Art of a figure in a boat with a glittery paddle rowing towards a glittery sun

Art by Carlín Díaz

“The only time we ever know what’s really going on is when the rug’s been pulled out and we can’t find anywhere to land. We use these situations either to wake ourselves up or to put ourselves to sleep. Right now — in the very instant of groundlessness — is the seed of taking care of those who need our care and of discovering our goodness.” — Pema Chödrön

Zen Buddhist teacher Roshi Joan Halifax has a beautiful line in this meditation on encountering grief. I invite you to take a moment to savor it:

“Whatever you’re feeling in your heart, [notice] how the body feels as you consider the possibility that grief can be a profoundly humanizing experience and bring greater depth into our lives.”

This week’s On Being conversation offers some starting points for working through this possibility. Krista spoke with musician/artist Devendra Banhart about Pema Chödrön’s When Things Fall Apart in a lively spiritual book club of sorts, recorded from their respective homes. The book has been a balm to them and countless others who have leaned on Chödrön’s small work of great beauty during difficult times. Banhart has described his copy as a literary version of an “in case of emergency break glass” box.

At the heart of the book is the simple idea that things fall apart, which Chödrön, a Tibetan Buddhist teacher, frames as both our reality and a path toward healing. “We think that the point is to pass the test or to overcome the problem, but the truth is that things don’t really get solved. They come together and they fall apart,” she writes. “Then they come together again and fall apart again. It’s just like that. The healing comes from letting there be room for all of this to happen: room for grief, for relief, for misery, for joy.”

This week, I’m finding solace in seeing even moments of frustration and futility as the seeds of healing — opportunities to understand my own humanity, as Halifax’s meditation also suggests. And I’m savoring moments of joy and levity, which feel more fleeting and precious than before. All things, good and terrible, fall apart. And, as Banhart says, “This time will pass ... This thing we’re going through, this pandemic, it will fall apart.”

In the meantime, we always have the option to keep our eyes open and aware — to all that hurts, to all that is here, all that is now.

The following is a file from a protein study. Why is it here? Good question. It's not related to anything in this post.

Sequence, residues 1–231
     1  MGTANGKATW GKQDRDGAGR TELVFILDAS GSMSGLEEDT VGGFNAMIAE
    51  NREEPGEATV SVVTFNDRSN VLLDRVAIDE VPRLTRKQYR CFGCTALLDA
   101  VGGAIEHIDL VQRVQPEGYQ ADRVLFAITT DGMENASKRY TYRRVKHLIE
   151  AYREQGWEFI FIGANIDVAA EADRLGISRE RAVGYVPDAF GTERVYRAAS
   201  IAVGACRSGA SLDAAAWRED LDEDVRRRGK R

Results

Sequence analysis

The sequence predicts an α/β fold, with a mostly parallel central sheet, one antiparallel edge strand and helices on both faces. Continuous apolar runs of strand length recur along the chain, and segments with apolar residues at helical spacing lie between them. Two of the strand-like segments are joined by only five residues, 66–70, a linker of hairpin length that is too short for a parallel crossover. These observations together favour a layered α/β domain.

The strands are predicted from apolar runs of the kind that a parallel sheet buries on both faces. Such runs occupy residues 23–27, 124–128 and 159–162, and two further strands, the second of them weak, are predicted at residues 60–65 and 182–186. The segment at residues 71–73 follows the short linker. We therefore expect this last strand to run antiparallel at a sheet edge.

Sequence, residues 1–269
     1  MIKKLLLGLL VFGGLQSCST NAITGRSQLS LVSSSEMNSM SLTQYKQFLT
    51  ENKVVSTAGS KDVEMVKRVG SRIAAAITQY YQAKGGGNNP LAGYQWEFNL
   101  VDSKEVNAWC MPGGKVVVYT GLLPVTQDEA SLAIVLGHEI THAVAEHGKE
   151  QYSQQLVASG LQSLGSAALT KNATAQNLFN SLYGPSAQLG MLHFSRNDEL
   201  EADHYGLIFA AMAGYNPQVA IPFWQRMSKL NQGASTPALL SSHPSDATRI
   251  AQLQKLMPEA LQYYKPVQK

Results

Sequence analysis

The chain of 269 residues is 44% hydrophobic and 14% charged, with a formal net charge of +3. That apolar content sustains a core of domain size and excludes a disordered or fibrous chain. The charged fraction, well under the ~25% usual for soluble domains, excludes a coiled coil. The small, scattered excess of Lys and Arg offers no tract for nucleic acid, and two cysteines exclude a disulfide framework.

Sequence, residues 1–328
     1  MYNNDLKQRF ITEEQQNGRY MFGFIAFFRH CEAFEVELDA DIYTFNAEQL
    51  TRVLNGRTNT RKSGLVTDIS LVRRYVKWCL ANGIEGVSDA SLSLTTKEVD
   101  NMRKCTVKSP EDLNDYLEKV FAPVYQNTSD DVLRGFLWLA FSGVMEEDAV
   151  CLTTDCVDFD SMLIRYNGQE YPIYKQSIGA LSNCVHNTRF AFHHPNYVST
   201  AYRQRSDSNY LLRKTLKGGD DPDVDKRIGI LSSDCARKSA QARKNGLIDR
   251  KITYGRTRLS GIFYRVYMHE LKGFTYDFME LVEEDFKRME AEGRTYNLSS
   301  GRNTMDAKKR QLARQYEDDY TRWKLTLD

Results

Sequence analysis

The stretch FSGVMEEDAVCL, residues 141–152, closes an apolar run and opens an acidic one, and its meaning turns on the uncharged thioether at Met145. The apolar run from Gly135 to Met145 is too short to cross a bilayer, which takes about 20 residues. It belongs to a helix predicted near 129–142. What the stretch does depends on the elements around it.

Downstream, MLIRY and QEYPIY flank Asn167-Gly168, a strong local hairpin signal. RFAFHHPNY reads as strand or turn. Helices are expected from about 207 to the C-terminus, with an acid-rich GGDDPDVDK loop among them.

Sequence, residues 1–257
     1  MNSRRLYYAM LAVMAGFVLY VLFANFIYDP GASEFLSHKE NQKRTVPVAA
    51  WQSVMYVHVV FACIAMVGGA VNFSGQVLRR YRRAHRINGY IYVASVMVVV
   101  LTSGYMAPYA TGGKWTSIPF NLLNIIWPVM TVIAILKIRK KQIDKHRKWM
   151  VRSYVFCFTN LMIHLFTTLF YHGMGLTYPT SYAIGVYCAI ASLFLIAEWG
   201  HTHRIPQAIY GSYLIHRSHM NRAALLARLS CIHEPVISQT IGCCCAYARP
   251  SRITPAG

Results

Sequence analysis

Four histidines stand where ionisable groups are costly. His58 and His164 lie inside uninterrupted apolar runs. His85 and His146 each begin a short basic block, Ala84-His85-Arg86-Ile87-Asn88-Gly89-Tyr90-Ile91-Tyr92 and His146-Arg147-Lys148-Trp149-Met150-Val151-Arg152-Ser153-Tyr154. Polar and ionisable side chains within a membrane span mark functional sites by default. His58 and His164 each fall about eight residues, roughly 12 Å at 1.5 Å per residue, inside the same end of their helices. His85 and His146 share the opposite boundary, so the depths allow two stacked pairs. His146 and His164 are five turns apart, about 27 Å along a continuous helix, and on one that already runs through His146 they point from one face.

Kristin Lin
Editor, The On Being Project

P.S. — We’re continuing some of this week’s book club discussion across our social channels. Join us on Facebook, Twitter, and Instagram. And you’re always welcome to share your own reflections with me via email: [email protected]

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This Week at The On Being Project

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On Being with Krista Tippett
Devendra Banhart
When Things Fall Apart

In this “spiritual book club,” Krista and musician/artist Devendra Banhart read from and reflect on Pema Chödrön’s small book of great beauty.

Listen on:
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Recommended Listening and Reading

Recommended reads image collage: image of a pile of books; image of a vibrant sky filled with red clouds; image of two hands meeting together

Read| A Conversation with Krista Tippett | On Air Fest
Last week, we aired Krista’s interview with poet Ocean Vuong, which was recorded at On Air Fest in March, right before the wave of shelter-in-place mandates took place. She reflects with On Air Fest producer Jemma Brown about the conversation and all that has happened since.

Read | “The Paradox at the Heart of Being Human” by Courtney E. Martin
The writer turns to Pema Chödrön’s wisdom on seeking resolution.

Read | “Devendra Banhart’s 10 Favorite Books” | Vulture
This article is why we initially thought to reach out to Devendra Banhart for this week’s episode.

Listen | “Small Truths and Other Surprises” with Jericho Brown
This week, Jericho Brown won a Pulitzer Prize for his poetry collection The Tradition, which he reads from in his 2019 conversation with Krista.

Poetry Unbound and Friends

Screenshot of Poetry Unbound & Friends videos from David Whyte, Sharon Salzberg, Omid Safi, Courtney Martin, Parker Palmer, Jerry Colonna, Major Jackson, and Lulu Miller

Our poetry series continues on Instagram this week, with contributions from Omid Safi, Lulu Miller, David Whyte, Jerry Colonna, Courtney Martin, Parker Palmer, Major Jackson, and Sharon Salzberg.

Watch the entire series for readings and reflections from poets, former On Being guests, and friends of the show.

This Week in Haiku

Follow John Paul Lederach’s “unfolding poem” for the moment we’re in.

What We’re Loving: Devendra Banhart Edition

We asked our team to share some of their favorite Devendra songs.

The Ballad of Keenan Milton,” recommended by Eddie Gonzalez, associate director of Civil Conversations and Social Healing
“[This is] the first song that came to mind for me. It’s an instrumental song, and it’s just pensive, searching, and lovingly simple. The beginning has a siren in the background, a sound that’s become all too familiar these past couple of months here in Queens, and these days the song has felt for me like it’s holding difficulty and grief alongside expansiveness and beauty. Also, it’s a tender homage to a late skateboarder, and Devendra has talked about skateboarding being a way that he found his friends in the U.S. when he moved here and felt like an outsider.”

Fig in Leather,” recommended by Lilian Vo, associate art director
“I got to see Devendra [perform] live with a dear friend who introduced me to his music. His performance of this song is one of my favorite memories. The fun and funky vibes of the song allowed me to see another side of my friend.”

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